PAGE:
Shipping is a people's business (tanker market)
Date of Issue2016-05-24
School of Civil and Environmental Engineering
This research paper aims to explore the importance of humanware in shipping companies in comparison with technology, software and hardware. It will look into key leadership qualities which are commonly present that not only allow companies to sustain but also to push the company forward. In addition, research will also explore organization culture and gender ratio in both commercial and operational aspects. In the process, challenges faced in the maritime industry, in both the past and present, will be studied and special traits or similarities amongst the shipping companies in Singapore will be discussed. The research will also find out if human ware will still be the most important factor in bringing these maritime companies to the next level going forward 20 years or if there will be a future trend. Through surveys and interviews with relevant industry experts, the research study will be targeting ship owners and charterers who have a longstanding and successful history in the area of container, tanker and dry industry. Specifically, the companies selected to conduct the interviews with are either ship owners or charterers in order to make comparison more feasible. Leadership models will be explored and studied if they are indeed applicable in the maritime context. In addition, the variance in organizational culture and behaviour would be looked into and assessed if they would influence the business model. In terms of gender ratio, this research study also aims to find out if there are more women working in the maritime industry these days and specifically if there’s any special skill sets required in the 3 different industries.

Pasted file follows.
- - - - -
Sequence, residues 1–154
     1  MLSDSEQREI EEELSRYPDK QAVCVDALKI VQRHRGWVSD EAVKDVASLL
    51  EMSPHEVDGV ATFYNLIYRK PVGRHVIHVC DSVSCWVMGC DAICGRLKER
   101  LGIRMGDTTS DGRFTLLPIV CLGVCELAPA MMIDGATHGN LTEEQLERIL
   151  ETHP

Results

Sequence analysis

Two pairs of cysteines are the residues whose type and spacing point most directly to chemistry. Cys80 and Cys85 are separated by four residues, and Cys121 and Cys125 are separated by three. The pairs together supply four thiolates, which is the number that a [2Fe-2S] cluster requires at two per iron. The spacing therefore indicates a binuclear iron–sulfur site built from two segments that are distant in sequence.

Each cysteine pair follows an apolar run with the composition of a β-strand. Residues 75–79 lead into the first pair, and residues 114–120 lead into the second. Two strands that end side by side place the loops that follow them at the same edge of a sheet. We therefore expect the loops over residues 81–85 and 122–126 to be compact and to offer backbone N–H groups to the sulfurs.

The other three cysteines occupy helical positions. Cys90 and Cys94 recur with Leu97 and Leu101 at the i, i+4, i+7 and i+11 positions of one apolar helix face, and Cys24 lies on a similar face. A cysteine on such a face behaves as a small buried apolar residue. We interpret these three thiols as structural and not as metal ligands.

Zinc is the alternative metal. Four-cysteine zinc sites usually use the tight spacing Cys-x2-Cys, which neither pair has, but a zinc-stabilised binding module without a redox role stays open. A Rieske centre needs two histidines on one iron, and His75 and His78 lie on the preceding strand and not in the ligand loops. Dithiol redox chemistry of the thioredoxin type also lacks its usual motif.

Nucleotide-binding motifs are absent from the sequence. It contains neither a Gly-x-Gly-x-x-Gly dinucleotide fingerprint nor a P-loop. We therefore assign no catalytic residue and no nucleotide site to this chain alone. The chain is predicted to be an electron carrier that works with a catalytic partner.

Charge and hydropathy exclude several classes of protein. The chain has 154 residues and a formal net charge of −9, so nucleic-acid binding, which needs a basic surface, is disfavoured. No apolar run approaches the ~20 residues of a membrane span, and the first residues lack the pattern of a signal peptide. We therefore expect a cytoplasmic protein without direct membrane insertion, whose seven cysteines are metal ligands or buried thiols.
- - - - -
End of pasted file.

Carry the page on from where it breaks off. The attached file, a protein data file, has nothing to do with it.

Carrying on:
Final Year Project (FYP)
Nanyang Technological University